Monday, May 28, 2012


I went to the first barbecue of the summer at Metropolitan last night. Summer is here apparently. The temperature reached 90 today, it is Memorial Day, the scent of gasoline and charred meat fills the streets of Brooklyn. I installed my air conditioner this afternoon.

Time continues to move at a pace that frightens me, that seems quicker than it should.

Jacob and I left the barbecue after one pitcher of beer yesterday. We felt awkward but were a little stoned and so it was certainly our own fault. Every summer the crowd is a bit different, composed of less familiar faces, the experience less fun. There were pushy people trying to get counter space to set disposable plates on, not friendly guys serving food, and a man who talked like an elementary school teacher asking me how I would feel if there was ever a vaccine for HIV. I told him I didn't want to talk about that right now, when really I didn't want to talk to him. He tried to give me yo-yos and lollipops and seemed offended that I didn't want them. I saw a couple people I had slept with years ago. We left the bar and bought ice cream on the way home and watched various music videos on YouTube.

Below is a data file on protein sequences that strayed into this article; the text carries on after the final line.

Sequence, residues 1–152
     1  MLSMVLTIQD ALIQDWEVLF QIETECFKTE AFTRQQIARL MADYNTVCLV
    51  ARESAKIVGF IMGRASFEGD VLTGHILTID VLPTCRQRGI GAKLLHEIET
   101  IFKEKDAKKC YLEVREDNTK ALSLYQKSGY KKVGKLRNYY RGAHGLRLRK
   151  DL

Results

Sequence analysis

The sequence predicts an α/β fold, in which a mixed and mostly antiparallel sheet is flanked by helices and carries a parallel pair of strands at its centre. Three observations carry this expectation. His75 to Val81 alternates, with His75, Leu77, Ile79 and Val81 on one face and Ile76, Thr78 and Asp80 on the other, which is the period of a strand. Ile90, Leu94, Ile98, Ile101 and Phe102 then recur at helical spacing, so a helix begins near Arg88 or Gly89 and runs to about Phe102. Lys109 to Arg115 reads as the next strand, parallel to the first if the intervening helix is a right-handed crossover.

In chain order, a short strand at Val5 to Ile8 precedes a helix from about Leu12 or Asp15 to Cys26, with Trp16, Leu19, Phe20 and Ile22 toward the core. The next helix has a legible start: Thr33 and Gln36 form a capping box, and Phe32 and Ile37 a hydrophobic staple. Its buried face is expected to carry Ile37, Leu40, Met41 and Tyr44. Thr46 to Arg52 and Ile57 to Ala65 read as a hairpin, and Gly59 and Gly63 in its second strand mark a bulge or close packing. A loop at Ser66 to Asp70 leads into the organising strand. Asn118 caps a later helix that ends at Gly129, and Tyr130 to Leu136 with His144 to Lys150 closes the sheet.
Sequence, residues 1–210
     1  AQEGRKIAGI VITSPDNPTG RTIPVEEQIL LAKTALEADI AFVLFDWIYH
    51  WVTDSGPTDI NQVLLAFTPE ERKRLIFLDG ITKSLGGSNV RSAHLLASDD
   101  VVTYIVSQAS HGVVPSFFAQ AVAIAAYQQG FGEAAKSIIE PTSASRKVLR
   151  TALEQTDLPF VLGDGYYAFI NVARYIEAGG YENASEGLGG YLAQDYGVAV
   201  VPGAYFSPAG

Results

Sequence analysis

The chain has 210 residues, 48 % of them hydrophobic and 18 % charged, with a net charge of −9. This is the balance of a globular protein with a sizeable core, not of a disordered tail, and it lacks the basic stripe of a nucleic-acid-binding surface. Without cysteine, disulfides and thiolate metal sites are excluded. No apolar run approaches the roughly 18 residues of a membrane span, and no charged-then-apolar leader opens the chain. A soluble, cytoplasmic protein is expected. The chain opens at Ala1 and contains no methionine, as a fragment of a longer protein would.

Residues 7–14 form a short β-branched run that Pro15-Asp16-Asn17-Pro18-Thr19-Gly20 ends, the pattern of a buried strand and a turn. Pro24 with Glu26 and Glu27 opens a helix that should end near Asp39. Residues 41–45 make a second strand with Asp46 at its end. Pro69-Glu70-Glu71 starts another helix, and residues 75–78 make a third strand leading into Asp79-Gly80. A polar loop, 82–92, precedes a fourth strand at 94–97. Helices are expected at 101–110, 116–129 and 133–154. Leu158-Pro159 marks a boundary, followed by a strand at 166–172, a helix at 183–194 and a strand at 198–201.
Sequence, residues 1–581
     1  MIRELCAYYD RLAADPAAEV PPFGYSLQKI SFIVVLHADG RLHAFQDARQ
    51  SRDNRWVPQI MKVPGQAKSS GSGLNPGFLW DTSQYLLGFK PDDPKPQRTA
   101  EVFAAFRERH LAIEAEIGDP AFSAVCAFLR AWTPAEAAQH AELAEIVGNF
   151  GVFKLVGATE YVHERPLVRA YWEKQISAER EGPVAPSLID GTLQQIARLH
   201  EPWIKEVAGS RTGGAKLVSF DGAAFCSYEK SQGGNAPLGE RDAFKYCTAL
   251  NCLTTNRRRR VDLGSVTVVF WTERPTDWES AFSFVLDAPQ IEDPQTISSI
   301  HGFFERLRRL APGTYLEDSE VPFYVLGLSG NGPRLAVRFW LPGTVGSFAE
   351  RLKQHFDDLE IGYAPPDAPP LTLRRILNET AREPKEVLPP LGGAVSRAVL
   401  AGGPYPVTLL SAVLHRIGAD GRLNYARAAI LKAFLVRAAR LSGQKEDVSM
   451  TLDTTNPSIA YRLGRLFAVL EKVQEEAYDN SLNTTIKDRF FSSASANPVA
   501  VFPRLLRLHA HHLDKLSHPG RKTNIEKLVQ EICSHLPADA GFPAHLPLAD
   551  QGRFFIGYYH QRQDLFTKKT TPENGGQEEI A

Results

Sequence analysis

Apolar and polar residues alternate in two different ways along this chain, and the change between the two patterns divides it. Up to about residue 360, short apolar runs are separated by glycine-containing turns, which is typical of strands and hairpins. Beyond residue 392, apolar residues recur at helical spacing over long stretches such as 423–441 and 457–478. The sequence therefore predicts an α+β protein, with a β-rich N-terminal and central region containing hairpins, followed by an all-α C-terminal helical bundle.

There is a passage in Middlemarch that I keep thinking back to ever since I read it a week or so ago. That is is now apparently summer already, that I again feel like I am not keeping pace with the march of time, has me again thinking to this, thinking in broader terms about how I am failing to keep pace with aspirations once a little more firmly held:

"For in the multitude of middle-aged men who go about their vocations in daily course determined for them much in the same way as the tie of their cravats, there is always a good number who once meant to shape their own deeds and alter the world a little. The story of their coming to be shapen after the average and fit to be packed by the gross, is hardly ever told even in their consciousness; for perhaps their ardour in generous unpaid toil cooled as imperceptibly as the ardour of other youthful loves, till one day their earlier self walked like a ghost in its old home and made the new furniture ghastly. Nothing in the world more subtle than the process of their gradual change!" (144-145)

No comments:

Post a Comment